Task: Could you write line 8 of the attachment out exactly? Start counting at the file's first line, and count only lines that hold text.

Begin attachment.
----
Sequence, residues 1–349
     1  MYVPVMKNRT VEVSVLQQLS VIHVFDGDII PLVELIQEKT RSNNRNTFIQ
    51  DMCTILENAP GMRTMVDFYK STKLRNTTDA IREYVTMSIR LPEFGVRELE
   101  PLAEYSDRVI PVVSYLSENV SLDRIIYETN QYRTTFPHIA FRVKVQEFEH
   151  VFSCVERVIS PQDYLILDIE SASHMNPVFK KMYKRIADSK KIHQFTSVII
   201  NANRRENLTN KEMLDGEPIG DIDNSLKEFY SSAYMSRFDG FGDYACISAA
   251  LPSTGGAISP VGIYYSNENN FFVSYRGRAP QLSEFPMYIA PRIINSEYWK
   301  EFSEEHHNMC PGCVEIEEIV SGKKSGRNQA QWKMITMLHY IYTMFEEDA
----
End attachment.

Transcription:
   301  EFSEEHHNMC PGCVEIEEIV SGKKSGRNQA QWKMITMLHY IYTMFEEDA